This dissertation reconstructs the interconnected cultural histories of film and literature in Shanghai and Buenos Aires in the period 1927-1937. Through readings of previously untranslated texts on film form and film technology by Alfonsina Storni (1892-1938), Roberto Arlt (1900-1942), Mao Dun (pen name of Shen Yanbing, 1896-1981), and Xia Yan (pen name of Shen Naixi, 1900-1995), I identify a movement in cinepoetics common to Latin America and East Asia that mobilized local popular culture for global working-class political goals. My research investigates into key points in the history of the encounter between cinema and literature in these two cities and links internationalist movements in revolutionary politics with the vibrant film cultures emerging in these two cities—as seen through the eyes of each writer. Through a close textual, visual, and auditory analysis of film clips, film reviews, film-poems, reportage, film-inspired fiction narrative, screenplays, and soundtracks, each case study tracks the work of these writers as they participated in a transpacific intellectual network of anti-imperialist and anti-capitalist politics during the period of rising fascism, class conflict, socialist solidarity, and political upheaval in the years prior to the Second World War. My study finds that their experiments with film pushed the boundaries of traditional writing forms. Moreover, in developing new critical practices of viewing and listening to cinema Storni, Arlt, Mao Dun, and Xia Yan each contributed to a politically engaged internationalist current of cinematic modernism. During this brief period of resistance to the globalized dominance of Hollywood entertainment commodities, each of these writers exemplified the strengthening of cultural movement based in cinema, which presented the cinematic experience as grounds for a renewed modern social experience with the potential to radically disrupt sociopolitical formations of class, nation, and state. As a collaboratively produced and collectively consumed cultural form, cinema presented each of these writers with a means for reinventing political thought in ways that embraced the intricacies of urban life in cities on the periphery of globalized circuits of capital. Linked by an attention to film as a politically volatile fusion of mass art and mass spectacle—an attention that, at key moments, gave these writers common cause in resisting cultural exports that extended the reach of European and American empire—my study discovers these radical intellectuals as leaders in a transpacific cultural front that ultimately aimed at establishing cinema as a mass art that could unify worldwide movements against the capitalist exploitation of the working classes.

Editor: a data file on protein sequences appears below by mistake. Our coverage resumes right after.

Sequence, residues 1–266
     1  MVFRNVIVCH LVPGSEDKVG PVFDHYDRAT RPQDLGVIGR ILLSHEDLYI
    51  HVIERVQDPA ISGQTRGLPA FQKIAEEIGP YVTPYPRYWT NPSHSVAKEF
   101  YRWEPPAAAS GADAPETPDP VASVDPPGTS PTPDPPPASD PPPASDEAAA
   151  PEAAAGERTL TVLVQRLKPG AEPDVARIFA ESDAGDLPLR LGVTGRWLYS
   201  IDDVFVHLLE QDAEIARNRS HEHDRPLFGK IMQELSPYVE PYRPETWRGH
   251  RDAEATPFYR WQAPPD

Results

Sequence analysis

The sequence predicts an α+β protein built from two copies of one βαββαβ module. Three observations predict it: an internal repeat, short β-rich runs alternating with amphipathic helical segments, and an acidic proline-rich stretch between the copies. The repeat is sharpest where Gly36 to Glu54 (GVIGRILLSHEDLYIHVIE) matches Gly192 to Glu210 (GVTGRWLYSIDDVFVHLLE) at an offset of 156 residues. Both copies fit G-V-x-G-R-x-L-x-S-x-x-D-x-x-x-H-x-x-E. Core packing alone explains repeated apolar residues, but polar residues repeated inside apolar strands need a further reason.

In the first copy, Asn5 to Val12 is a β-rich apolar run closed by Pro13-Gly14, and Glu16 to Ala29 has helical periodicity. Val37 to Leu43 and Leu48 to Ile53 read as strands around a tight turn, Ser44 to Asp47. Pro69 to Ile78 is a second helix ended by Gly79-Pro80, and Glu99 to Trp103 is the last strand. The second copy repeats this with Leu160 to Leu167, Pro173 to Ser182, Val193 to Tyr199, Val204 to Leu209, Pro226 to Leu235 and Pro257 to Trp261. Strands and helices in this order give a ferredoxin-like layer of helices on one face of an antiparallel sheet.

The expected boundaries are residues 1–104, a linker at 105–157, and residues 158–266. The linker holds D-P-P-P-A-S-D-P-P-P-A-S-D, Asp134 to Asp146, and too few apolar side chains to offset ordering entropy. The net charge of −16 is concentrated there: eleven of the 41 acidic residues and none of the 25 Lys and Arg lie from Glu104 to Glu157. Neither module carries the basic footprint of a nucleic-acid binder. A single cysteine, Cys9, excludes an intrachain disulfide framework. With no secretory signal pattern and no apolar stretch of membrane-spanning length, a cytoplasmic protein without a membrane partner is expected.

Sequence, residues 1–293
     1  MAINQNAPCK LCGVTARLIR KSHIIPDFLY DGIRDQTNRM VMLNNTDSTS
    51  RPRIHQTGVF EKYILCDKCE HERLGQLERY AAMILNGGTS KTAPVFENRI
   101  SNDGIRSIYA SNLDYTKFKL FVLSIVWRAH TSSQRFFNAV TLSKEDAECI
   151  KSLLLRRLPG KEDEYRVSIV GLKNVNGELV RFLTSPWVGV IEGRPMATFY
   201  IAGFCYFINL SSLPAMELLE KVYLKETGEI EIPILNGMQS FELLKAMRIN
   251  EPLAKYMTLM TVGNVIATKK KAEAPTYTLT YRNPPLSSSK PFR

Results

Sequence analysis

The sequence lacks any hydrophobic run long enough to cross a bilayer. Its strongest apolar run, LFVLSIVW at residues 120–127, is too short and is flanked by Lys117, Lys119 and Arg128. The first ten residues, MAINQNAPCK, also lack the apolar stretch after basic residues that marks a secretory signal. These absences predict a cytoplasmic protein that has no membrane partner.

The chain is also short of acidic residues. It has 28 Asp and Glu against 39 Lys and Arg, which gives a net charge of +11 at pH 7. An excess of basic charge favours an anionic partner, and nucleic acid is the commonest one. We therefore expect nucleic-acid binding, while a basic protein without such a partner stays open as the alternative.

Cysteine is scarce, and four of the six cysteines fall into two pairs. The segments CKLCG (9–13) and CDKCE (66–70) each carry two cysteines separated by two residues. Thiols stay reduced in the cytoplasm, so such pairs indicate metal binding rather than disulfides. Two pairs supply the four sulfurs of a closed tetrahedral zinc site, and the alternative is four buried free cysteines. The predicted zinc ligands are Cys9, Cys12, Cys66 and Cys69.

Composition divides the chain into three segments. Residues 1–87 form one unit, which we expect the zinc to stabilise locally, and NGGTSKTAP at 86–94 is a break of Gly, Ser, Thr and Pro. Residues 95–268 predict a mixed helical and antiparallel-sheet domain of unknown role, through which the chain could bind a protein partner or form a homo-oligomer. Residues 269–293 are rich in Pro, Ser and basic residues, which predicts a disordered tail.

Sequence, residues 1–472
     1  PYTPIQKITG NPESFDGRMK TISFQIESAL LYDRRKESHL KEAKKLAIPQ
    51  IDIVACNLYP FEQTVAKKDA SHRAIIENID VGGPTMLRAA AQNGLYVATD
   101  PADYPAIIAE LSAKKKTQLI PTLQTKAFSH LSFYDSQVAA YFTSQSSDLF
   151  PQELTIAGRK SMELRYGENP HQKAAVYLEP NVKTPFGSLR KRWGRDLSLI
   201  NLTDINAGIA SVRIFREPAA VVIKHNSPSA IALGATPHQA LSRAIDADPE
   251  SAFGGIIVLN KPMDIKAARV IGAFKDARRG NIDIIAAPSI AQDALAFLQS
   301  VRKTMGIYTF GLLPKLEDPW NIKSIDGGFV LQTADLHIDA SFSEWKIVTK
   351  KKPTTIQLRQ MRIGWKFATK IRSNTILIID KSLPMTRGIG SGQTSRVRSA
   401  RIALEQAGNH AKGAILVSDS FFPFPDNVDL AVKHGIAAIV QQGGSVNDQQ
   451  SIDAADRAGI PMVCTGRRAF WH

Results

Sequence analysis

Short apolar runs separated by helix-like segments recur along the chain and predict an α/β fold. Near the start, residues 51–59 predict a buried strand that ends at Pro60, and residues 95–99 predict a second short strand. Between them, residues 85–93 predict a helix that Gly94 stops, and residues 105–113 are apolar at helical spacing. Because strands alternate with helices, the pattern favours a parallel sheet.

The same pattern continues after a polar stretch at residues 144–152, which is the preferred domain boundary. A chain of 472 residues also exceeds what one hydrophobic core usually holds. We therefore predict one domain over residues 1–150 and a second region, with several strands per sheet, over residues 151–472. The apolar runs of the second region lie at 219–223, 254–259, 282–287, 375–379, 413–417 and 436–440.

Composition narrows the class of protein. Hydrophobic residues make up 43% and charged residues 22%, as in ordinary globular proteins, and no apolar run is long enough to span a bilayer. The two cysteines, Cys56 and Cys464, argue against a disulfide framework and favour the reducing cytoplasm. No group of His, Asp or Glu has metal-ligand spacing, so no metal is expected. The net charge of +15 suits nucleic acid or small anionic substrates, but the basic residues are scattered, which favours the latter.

University of Minnesota Ph.D. dissertation.May 2019. Major: Comparative Literature. Advisor: Paula Rabinowitz. 1 computer file (PDF); viii, 321 pages.
The Revolutionary Task of Cinema: Modernism and Mass Culture in Shanghai and Buenos Aires.
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